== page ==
Authors: Matthias M. Schneider, Marc Emmenegger, Catherine K. Xu, Itzel Condado Morales, Priscilla Turelli, Manuela R. Zimmermann, Beat M. Frey, Sebastian Fiedler, Viola Denninger, Georg Meisl, Vasilis Kosmoliaptsis, Heike Fiegler, Didier Trono, Tuomas P. J. Knowles, and Adriano Aguzzi
medRxiv, 2020, 20196907. DOI: 10.1101/2020.09.20.20196907
The clinical outcome of SARS-CoV-2 infections can range from asymptomatic to lethal, and is thought to be crucially shaped by the quality of the immune response which includes antibody titres and affinity for their targets. Using Microfluidic Antibody Affinity Profiling (MAAP), Schneider et al. determined the aggregate affinities and concentrations of anti-SARS-CoV-2 antibodies in plasma samples of 42 seropositive individuals, 23 of whom were confirmed to be SARS-CoV-2-positive by PCR testing. They found that dissociation constants (KD) of anti-RBD antibodies spanned more than two orders of magnitude from 80 pM to 25 nM, despite having similar antibody concentrations. The tested individuals showed progressively higher antibody concentrations but constant KD values, suggesting that affinities did not mature over time. 33 sera showed affinities higher than that of the CoV2 spike for its ACE2 receptor.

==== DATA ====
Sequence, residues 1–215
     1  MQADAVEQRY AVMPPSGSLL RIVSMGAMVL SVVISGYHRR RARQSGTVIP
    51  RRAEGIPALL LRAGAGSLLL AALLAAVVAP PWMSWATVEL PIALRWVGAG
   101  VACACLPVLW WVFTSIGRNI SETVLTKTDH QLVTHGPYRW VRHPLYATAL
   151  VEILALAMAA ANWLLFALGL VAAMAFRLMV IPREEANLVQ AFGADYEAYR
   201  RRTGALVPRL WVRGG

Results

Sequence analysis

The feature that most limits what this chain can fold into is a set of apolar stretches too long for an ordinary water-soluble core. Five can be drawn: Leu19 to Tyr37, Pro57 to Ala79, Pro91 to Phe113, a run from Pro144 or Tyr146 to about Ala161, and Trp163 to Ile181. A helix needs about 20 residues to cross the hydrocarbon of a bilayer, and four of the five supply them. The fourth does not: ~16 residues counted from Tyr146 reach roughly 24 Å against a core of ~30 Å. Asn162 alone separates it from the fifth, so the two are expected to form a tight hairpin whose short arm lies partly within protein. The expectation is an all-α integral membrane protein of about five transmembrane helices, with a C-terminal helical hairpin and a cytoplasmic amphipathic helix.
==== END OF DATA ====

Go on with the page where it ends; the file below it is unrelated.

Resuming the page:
Accordingly, addition of seropositive plasma to pre-formed spike-ACE2 receptor complexes led to their dissociation. Finally, they observed that the RBD of HKU1, OC43, and SARS-CoV coronaviruses, but not unrelated control proteins, were able to compete substantially with the RBD of SARS-CoV-2 in solution.
Therefore, the affinity of total plasma immunoglobulins to SARS-CoV-2 is an indicator of the quality of the immune response to SARS-CoV-2, and may help select the most efficacious samples for therapeutic plasmapheresis.